E-commerce giant Alibaba Group has signed a memorandum of understanding with PwC, Blackmores and Australia Post to explore blockchain technology in an effort to curb food fraud.
Alibaba is looking to improve food trust practices and integrity through a framework which addresses food fraud risk.
The framework will be piloted in Australia and form the basis for a global supply chain model that could be applied across Alibaba Group’s e-commerce markets.
Alibaba Australia will work with PwC in Australia, New Zealand and China to set up the Food Trust Framework, aimed at curbing counterfeit food.
This will include the development of a pilot blockchain technologies solution model for vendors.
Alibaba Group ANZ MD Maggie Zhou said food fraud was “a serious global issue”.
“It not only costs the food industry billions every year, but puts consumers’ health at risk," she said.
“The signing of today’s agreement is the first step in creating a globally respected framework that protects the reputation of food merchants and gives consumers further confidence to purchase food online.
“We see the Australian and New Zealand markets setting the tone for the rest of the world when it comes to integrity, safety and quality of food supply chains.”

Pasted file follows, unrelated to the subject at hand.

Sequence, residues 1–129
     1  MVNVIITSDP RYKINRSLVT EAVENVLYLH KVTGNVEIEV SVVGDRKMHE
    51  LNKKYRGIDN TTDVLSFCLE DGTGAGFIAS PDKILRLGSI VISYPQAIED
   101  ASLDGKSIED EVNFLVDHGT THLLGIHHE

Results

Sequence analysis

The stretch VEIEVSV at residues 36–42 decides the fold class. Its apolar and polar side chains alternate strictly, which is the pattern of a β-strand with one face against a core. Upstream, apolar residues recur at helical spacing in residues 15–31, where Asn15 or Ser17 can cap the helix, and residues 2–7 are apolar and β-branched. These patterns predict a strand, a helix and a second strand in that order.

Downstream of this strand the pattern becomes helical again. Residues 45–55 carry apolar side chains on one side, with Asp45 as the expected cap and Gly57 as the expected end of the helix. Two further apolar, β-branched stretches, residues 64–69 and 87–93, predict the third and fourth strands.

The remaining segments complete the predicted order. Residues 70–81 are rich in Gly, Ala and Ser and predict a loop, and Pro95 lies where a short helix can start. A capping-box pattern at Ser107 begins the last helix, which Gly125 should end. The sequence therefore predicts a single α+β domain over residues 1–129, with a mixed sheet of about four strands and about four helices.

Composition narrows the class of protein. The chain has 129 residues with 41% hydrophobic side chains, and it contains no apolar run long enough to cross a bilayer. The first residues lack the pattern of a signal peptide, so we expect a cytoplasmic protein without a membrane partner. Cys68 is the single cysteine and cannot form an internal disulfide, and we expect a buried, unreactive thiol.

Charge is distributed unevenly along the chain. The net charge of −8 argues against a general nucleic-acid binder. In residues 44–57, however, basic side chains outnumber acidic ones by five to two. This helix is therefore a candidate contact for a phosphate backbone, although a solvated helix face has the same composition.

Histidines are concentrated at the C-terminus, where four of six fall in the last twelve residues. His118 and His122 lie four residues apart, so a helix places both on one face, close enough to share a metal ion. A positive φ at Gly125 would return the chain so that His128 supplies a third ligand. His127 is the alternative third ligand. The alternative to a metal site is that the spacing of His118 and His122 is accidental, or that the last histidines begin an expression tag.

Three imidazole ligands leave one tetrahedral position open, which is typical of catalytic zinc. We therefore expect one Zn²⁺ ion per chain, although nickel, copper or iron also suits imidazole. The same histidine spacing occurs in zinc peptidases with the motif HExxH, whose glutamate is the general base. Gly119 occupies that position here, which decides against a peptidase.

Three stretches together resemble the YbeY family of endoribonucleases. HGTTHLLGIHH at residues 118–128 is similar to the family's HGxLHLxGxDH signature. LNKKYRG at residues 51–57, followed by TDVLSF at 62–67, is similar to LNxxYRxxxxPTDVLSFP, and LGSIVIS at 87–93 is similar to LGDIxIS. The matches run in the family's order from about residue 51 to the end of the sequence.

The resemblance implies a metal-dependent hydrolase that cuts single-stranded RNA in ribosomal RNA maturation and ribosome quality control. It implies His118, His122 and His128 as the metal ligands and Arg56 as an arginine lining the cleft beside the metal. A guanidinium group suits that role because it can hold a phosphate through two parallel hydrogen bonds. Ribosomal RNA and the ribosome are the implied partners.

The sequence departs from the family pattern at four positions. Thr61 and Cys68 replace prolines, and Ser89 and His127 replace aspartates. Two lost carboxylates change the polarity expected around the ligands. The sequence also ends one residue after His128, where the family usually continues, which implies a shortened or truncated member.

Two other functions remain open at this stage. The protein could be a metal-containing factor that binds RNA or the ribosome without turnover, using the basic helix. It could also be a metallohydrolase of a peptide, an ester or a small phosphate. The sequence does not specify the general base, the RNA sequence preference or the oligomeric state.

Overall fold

Blockchain technology, often referred to as the “internet of trust”, was originally developed to publicly and irrefutably track the transfer of Bitcoin and other cryptocurrencies.
It has been designed to authenticate, verify, permanently record and provide ongoing reporting relating to the transfer of ownership and providence of goods.
PwC Australia CEO Luke Sayers said trust in the food supply chain was important at a time when public confidence has been rocked by a number of scandals.
"Global consumers expect instant gratification, and when it comes to food, that means any time, any place,” he said.
“As a result, food supply chains have gone global, which creates added complexity and opacity.
“We envisage our services will assist Alibaba to explore ways it can address this.”
Blackmores and Australia Post will be involved in the project by providing information and in-market testing across their respective supply chains.
Did you know?
* Fraud costs the global food industry an estimated US$40 billion each year, according to research conducted by Michigan State University.
* 39 per cent of food companies say it is easy to fake their food products, and 42 per cent believe there is no method for detecting fraud beyond standard food checks, according to PwC.